While at Computex this year we saw a couple of unique items come from Corsair: one was a great new case design called the Obsidian 800D (video preview available here) and the other was an exclusive water cooling kit built by Asetek dubbed the Corsair Hydro H50. Just last week we received our first sample of the H50 and have been spending some quality time with it since then, preparing a video review for our faithful readers.
In the video below you will see the various components included in the box with the Corsair H50, how the installation process works on a typical Core i7 system and some quick performance numbers comparing it to your standard stock Intel heatsink and fan.
You can start the video above by click the big shiny PLAY button and you can expand it to full screen with the button in the bottom right hand corner.
Our sample included mounting brackets for both the LGA1366 (Core i7) and LGA755 (Core 2 Duo/Quad) processors though in the near future both LGA1156 (Lynnfield) and AMD AM2/AM3 brackets will be included as well.
(As a side note, if you get an early version of the H50 without AM2/AM3 mounting brackets, Corsair will send them along for free.)
The cooler itself consists of a pump/water block combo, a radiator and a 120mm fan.
The cooler is completely self contained - there is never a need to add fluid, remove air bubbles or perform maintenance of any kind. That definitely makes this type of water cooling a MUCH simpler option for consumers.
The water block already had some TIM (thermal interface material) applied to it and that should be adequate for just about any user installing it. If you want to, you could of course remove it and apply your own.
Installation begins by putting the appropriate plate on the back of the motherboard that will be used for attaching the mounting bracket.
You can see the small black recesses that allow for screws to be installed for mounting bracket purposes here on our ASUS ROG Core i7 motherboard.
The next step is to place the correct mounting bracket over the socket (obviously the CPU should be installed already) and turn the screws a half turn or so just to prevent it from coming off as we move the pump/water block into place.
Speaking of the cooler, here you can see the sets of tabs that allow for it to slide in UNDER the bracket after the bracket is attached to the motherboard.
By simply aligning the tabs correctly you can see how the pump assembly fits through.
To lock the assembly in place, you need to rotate it on top of the CPU until the tabs are directly over one another - you might feel a click if you have tightened the mounting bracket enough beforehand.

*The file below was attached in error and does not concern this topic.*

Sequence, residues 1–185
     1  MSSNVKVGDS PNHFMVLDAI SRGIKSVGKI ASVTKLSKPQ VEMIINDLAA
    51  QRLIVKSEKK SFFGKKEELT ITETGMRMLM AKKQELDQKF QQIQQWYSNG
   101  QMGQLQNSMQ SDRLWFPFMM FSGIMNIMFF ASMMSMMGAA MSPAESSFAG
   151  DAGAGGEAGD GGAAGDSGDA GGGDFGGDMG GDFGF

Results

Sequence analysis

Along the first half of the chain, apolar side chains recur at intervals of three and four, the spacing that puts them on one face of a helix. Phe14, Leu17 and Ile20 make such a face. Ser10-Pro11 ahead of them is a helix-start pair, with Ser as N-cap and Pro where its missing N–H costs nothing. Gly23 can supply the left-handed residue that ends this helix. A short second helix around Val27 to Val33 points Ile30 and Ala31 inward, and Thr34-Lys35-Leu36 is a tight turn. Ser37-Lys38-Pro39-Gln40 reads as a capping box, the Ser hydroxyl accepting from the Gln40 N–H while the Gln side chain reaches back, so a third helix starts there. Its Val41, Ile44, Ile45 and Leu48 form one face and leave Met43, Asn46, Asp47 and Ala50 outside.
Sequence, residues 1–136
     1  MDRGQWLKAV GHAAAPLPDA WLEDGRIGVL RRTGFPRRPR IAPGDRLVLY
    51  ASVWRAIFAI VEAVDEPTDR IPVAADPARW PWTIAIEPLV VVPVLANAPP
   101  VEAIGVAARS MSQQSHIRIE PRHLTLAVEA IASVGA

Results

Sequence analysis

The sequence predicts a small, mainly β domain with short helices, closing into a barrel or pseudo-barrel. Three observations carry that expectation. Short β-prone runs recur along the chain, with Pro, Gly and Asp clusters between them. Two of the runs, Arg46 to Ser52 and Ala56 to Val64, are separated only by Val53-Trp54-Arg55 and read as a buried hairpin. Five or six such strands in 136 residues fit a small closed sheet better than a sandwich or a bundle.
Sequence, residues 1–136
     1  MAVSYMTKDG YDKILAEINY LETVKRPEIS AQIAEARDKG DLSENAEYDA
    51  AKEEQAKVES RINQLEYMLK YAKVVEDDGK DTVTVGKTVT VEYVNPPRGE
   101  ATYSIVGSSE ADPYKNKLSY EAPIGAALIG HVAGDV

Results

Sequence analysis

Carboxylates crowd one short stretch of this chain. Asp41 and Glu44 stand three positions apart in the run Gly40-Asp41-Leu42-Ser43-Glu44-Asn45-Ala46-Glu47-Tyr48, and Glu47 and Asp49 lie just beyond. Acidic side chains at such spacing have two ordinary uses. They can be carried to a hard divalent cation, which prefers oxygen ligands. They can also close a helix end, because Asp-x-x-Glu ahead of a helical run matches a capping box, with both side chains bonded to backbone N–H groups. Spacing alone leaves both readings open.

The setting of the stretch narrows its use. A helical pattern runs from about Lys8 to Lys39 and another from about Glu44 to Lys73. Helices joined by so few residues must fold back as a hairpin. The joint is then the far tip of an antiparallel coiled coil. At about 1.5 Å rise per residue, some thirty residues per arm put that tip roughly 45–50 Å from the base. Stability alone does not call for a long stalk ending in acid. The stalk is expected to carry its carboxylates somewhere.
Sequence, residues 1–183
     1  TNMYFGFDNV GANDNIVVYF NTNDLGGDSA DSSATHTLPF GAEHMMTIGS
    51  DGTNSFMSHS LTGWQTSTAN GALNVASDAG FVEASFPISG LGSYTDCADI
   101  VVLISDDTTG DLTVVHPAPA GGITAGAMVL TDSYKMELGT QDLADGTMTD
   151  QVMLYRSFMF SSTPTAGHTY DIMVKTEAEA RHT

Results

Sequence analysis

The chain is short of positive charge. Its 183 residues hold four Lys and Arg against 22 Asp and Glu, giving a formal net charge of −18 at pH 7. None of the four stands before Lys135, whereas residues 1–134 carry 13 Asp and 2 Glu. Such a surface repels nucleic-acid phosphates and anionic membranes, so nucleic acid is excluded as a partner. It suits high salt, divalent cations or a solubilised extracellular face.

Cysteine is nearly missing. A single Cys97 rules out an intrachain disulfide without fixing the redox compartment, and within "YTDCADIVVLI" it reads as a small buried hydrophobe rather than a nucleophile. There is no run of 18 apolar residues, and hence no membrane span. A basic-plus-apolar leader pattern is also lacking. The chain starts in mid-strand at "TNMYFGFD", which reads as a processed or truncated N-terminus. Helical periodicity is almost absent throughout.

The alignment of the cooler can be at any angle - though Corsair would prefer you put it so the logo is showing as much as possible! ;)
The radiator and fan parts go together like so.
To properly install the radiator and fan combination, your chassis will NEED TO HAVE a 120mm fan location on it - otherwise the H50 is not going to work in your system. Also, the air flow needs to be directed IN to the system - the H50 works best with cold air coming in from the back of the case across the radiator and into the case. You might then want to switch some other fans in your case to move air in the other direction to allow for proper airflow.
There is a nice section in the video review above that shows diagrams and describes this issue in more detail.
These last two images show the finalized installation of the radiator and fan assembly in the case. After you plug in the two power connections (the pump assembly into any 3-pin fan header and the 120mm fan into the primary CPU fan header) you are ready to turn on the system and enjoy your water cooling configuration.
Performance and Closing Thoughts
As shown in our quick benchmarks in the video review above, the Corsair H50 dominated over the stock Intel cooler, as you would expect. Under a full load, the H50 ran our Core i7-920 as much as 24C cooler! That is QUITE a difference and would allow for a much better chance of overclocking. Obviously the real competition to the H50 is from the likes of air coolers like the Thermalright 120 and we plan on doing some more testing of the Corsair H50 to pit it against those types of devices.
Overall though, for a somewhat nominal $80 price tag, the Corsair Hydro H50 cooler is one of the lowest cost and most simple ways to integrate basic water cooling into your system. The only draw backs are the requirement of a 120mm fan location on the back of the case (though most chassis today will have that) and the need to remove your motherboard and change direction on existing case fans. I would have no problems recommending the H50 to enthusiasts and gamers looking for more performance than most air coolers without the extreme hassles of most water cooling systems.
If you want to leave feedback on our video review or discuss the Corsair H50 with others, stop into this thread of the PC Perspective forums!